Shoutout to game developers — you the real MVPs

The work of game makers often goes unappreciated, but a recent Twitter trend is rightfully celebrating them

Cloud Strife crown FFVII Remake

Every year, the Game Developers Conference (GDC) is held in San Francisco, bringing together game makers from around the world for networking, educational talks, awards ceremonies and more.

I was fortunate to attend in 2019, and I came away truly inspired to see so many talented creators in one place. This year, GDC has finally returned to a more traditional physical show amid the pandemic, and while I’m not there this time, I’m finding myself equally roused. That’s because a bunch of developers has taken to social media to share a bit about their game development journies, and it’s been wonderful to watch that all unfold.

It all started when JC Lau, an Asian-American developer now at Harebrained Studios, shared a story about the discrimination she faced at GDC 2019. As Lau tells it, she was attending the show to participate in a panel, but was held up when looking to pick up her speaker badge because three security guards didn’t actually believe that she was a speaker. After speaking with other devs, Lau noticed that this was treatment was repeatedly extended to “women, non-American, and PoC [people of colour] attendees.”

With that in mind, Lau tweeted a selfie with the hashtag #WhatAGameDevLooksLike, and this has since inspired many other developers to do the same. The goal, naturally, was to show that people from all walks of life make games, not just white guys. And while the hashtag has been around for a few years, it’s gotten significant traction over the past week as GDC has returned to a major physical event. (Everything that’s happened in the past few years, particularly events pertaining to anti-Black and anti-Asian hate, no doubt only contribute to that.)

If you’re on Twitter, I’d definitely recommend checking out that hashtag. To start, it’s worth highlighting some of the Canadians that I’ve seen, including:

Asian-Canadian Jasmine Jia (Gears 4, now Genshin Impact maker miHoYo)

Mohawk Canadian Nathan Powless-Lynes (Far Cry 6, Assassin’s Creed VR)

Asian-Canadian Jessica Zhang (Overwatch

Trinidadian-Canadian Kurston Timothy (diversity & inclusion leader at Ubisoft)

Tanya X. Short (director of Montreal’s KitFox, co-director of Pixelles Montreal)

And while he’s opted to share other people’s posts instead of his own, Iraqi-Canadian Osama Dorias (Unity) had the honour of hosting this year’s Game Developers Choice Awards at GDC:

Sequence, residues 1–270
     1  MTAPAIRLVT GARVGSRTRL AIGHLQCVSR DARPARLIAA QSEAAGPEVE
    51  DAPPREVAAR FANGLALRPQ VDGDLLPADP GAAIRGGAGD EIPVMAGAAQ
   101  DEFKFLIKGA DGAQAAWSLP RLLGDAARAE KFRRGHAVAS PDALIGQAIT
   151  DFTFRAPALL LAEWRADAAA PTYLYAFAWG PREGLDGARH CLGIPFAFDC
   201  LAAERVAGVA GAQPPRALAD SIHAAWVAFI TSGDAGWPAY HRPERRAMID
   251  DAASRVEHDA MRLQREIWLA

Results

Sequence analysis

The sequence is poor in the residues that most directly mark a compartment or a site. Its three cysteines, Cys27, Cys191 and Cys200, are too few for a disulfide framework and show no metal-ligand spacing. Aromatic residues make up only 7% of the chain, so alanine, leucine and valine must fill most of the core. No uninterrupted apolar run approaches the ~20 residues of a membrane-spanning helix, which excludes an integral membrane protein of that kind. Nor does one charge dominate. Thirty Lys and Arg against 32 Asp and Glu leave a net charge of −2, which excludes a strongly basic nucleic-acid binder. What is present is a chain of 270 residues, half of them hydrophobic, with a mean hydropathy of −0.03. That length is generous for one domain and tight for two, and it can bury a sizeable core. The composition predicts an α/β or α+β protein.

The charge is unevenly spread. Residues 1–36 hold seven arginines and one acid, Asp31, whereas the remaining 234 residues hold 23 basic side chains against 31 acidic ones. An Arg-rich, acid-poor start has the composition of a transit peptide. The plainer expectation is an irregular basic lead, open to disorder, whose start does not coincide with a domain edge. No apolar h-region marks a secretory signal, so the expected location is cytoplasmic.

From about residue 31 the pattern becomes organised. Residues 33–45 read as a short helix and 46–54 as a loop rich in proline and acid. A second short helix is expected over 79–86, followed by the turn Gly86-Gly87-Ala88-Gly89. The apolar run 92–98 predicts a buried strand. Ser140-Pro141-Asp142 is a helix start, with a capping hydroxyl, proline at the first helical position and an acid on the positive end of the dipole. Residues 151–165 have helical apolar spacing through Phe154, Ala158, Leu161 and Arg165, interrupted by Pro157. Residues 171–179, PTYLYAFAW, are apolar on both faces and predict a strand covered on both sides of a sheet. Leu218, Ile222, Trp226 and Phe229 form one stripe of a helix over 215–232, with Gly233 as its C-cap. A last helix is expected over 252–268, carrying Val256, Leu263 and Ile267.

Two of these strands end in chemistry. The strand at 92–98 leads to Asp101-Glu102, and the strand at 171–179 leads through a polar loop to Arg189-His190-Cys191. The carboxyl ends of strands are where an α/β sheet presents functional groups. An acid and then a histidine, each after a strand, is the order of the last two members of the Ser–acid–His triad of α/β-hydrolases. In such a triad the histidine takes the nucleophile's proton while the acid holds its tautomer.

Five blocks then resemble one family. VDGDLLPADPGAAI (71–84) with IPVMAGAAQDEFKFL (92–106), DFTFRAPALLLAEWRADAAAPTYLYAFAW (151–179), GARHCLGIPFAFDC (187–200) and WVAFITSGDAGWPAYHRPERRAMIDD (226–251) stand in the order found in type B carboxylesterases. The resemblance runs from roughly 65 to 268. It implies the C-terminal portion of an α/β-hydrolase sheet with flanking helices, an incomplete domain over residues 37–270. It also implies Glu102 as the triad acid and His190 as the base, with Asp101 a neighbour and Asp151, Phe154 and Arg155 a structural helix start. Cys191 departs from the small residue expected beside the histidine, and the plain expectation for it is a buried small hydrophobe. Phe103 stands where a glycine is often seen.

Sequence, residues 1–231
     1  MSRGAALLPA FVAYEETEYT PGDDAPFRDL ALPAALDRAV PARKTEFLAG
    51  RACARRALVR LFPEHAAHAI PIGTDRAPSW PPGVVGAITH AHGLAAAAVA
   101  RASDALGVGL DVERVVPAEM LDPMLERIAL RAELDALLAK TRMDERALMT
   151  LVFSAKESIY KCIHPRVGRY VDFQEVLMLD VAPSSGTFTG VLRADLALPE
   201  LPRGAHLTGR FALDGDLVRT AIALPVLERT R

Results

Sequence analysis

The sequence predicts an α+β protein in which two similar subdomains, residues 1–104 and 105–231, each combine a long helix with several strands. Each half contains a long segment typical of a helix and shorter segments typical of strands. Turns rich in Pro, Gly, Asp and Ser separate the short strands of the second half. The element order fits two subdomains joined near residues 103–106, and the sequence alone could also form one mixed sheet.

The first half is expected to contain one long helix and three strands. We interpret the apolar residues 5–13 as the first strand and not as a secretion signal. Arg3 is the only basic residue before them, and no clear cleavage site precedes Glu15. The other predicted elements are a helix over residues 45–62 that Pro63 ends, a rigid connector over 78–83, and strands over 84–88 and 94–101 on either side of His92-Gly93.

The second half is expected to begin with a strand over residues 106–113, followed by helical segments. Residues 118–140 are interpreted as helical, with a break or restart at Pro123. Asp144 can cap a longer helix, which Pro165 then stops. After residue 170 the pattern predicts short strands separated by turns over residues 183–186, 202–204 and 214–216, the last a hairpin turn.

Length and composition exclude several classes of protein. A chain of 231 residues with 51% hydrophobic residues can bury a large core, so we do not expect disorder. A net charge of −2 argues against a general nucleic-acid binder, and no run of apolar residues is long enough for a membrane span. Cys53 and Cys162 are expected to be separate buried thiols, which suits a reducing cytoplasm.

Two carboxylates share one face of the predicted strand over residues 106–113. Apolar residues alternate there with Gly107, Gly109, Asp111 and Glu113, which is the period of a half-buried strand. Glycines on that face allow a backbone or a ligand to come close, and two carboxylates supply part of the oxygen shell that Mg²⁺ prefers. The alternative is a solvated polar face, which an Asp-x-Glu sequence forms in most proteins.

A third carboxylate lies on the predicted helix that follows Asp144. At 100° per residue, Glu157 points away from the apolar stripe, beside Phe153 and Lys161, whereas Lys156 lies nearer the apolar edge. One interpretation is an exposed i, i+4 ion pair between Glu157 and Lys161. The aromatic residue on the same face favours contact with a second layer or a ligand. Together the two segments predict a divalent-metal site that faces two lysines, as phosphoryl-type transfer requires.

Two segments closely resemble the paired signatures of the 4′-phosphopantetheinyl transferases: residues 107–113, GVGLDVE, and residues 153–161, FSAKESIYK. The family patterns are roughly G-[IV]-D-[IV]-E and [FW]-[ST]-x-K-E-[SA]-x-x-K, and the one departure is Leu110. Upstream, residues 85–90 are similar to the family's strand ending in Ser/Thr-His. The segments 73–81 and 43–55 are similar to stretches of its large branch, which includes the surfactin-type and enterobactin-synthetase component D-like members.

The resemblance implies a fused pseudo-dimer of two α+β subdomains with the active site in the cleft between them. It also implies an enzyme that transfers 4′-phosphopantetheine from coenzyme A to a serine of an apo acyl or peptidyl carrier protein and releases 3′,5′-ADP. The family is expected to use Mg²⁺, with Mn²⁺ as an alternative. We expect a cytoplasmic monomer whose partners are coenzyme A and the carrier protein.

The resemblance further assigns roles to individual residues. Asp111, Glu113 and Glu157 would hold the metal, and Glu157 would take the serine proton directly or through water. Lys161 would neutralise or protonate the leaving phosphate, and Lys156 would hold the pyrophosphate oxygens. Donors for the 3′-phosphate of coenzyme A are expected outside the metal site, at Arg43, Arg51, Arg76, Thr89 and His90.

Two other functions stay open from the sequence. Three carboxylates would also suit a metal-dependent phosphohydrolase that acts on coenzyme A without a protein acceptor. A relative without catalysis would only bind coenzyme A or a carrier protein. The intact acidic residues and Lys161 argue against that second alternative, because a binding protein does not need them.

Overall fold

That’s just for Canada, though. You should definitely check out the hashtag for a delightful mix of developers from all around the world. Lau, who enthusiastically shared a Kotaku story about her and the hashtag, has also been promoting other devs.

I don’t know about you, but it’s just nice to be able to put even a few faces to the art that I enjoy, be that a game, movie, TV show or book. But beyond that, I always like to celebrate the work of a developer because it’s often, sadly, a thankless job.

For example, an accessibility consultant pushing for games like Elden Ring to have just a few more options for disabled people gets attacked by cyber trolls. Many studios push prolonged overtime on workers, and any attempt to speak up is often just met with such fallacious dismissals as “well, it’s even harder in [X] job.” A woman in the industry commendably speaking out about unionization in response to Activision Blizzard’s toxic work culture is swiftly met with mockery. Indie developer leaders may misuse power and emotionally abuse their small teams. Hell, developers and their collaborators receive death threats simply because they made certain creative choices in a highly-anticipated sequel.

Clearly, then, the industry is far from perfect, and many of these developers would likely freely admit that. It also doesn’t mean that more diversity isn’t needed. That said, GDC, and the #WhatAGameDevLooksLike that sprung about from it, are a nice way to remind everyone of the joys of games, and the diverse and talented humans behind them. Indeed, games have been an integral part of my life, and I’m so thankful to those who worked so hard to ensure I was able to play them in the first place.

We all love games — let’s appreciate and respect those who make them for us.

Image credit: Square Enix